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Foreword

As the nation's prevention agency, CDC strives to accomplish its vision of "Healthy People in a Healthy World...Through Prevention." For women, this involves working to better understand the health issues that have an adverse impact on women, disproportionately affect women, occur only in women, or have an impact on infant outcomes as a direct result of a pregnancy-related event. Women's health once focused primarily on puberty, pregnancy, and menopause. Now, women's health is recognized as being broad in focus and warranting additional attention and study and involves not only chronic conditions but individual lifestyle choices and environmental and organizational factors.

This publication focuses on some of the specific issues affecting women's health: falls and resulting hip fractures, sports injuries, breast and cervical cancer, and congenital toxoplasmosis. For each report, prevention recommendations and specific research recommendations are provided. Much still needs to be done. The publication addresses diverse and seemingly unconnected women's health issues; however, these issues are very much connected, and several themes run throughout each of the reports. For example:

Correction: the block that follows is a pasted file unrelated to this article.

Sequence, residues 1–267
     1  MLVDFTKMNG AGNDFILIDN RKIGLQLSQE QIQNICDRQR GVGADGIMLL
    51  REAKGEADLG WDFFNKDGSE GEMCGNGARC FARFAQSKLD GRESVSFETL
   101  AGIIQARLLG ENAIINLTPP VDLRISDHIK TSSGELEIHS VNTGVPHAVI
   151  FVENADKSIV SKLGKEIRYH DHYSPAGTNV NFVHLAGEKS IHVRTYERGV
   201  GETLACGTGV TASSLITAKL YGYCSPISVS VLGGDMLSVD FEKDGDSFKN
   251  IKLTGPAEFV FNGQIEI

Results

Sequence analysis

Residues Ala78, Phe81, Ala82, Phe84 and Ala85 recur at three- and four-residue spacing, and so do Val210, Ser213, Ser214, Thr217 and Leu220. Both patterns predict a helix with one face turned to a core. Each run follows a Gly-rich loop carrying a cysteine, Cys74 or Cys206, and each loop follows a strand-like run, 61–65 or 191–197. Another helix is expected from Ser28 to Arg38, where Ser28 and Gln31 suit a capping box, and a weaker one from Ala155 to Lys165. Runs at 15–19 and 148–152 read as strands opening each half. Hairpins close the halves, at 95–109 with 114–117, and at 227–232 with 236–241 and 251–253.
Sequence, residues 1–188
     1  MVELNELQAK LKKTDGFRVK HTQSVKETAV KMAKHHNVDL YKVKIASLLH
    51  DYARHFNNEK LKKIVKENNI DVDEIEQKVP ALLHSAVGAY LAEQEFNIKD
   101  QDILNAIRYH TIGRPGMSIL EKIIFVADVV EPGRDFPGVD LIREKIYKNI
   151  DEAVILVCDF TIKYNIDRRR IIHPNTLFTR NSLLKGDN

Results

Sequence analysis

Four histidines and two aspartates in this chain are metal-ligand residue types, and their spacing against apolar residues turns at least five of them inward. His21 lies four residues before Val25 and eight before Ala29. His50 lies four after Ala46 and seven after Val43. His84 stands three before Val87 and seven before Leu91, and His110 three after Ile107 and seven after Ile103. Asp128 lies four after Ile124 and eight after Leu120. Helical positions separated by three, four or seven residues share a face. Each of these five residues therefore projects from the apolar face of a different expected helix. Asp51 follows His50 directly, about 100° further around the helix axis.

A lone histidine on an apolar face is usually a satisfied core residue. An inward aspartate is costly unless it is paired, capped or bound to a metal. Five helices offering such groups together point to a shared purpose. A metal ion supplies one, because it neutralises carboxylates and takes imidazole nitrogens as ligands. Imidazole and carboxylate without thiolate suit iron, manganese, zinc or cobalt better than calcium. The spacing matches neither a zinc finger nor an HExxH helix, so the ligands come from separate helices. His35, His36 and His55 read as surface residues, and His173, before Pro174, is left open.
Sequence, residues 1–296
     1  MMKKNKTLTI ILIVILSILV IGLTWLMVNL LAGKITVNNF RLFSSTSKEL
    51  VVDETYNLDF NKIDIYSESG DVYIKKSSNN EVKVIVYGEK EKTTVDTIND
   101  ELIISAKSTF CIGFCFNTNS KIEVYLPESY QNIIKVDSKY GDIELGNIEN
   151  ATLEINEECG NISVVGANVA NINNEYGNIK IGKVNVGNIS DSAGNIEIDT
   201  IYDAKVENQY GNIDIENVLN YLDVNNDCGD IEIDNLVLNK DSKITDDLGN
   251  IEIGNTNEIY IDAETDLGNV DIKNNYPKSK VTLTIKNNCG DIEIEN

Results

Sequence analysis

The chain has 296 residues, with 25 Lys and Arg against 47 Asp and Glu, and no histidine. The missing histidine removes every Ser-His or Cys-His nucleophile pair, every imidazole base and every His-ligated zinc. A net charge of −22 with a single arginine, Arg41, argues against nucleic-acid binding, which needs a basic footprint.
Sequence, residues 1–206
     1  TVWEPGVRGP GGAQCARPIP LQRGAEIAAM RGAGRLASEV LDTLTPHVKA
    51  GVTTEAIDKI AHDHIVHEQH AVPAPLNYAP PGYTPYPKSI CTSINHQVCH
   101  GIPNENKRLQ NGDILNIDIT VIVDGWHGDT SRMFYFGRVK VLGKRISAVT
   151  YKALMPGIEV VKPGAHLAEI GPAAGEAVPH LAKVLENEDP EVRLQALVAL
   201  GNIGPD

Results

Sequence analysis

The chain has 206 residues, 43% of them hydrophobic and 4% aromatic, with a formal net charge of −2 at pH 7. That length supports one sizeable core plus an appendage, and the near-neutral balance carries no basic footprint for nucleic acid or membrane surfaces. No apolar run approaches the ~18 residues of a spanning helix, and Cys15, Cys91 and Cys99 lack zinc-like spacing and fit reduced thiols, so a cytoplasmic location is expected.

• Prevention -- whether primary or secondary -- continues to reduce or prevent injury, disease, death, and disability. Prevention is an essential component to maintaining health.
  • Science continues to strengthen and support public health action on the individual, local, and national level.
  • Although much progress has been made in the area of women's health to reduce morbidity and mortality, more prevention research needs to be done.
  • Public health affects every phase of our lives: how we live, work, and play.

Whether the topic is falls in the home, injuries associated with leisure or work- related activities, screening for toxoplasmosis, or implementation of an early detection program, prevention plays a vital role. Our partners in prevention (e.g., other health agencies, business, education, communities, and individuals) also play a vital role by developing and implementing prevention strategies and policies and by promoting healthy behaviors and environments.

After reviewing each of these reports, examine current practices that have an impact on women's health where you live, work, and play. Are there opportunities for improvement? As costs related to disease, disability, and injury continue to increase, the role of prevention to maintain health becomes more critical. Prevention is about staying healthy and living well -- and prevention works for women.

Yvonne Green
Associate Director 
Office on Women's Health

Use of trade names and commercial sources is for identification only and does not imply endorsement by the U.S. Department of Health and Human Services.

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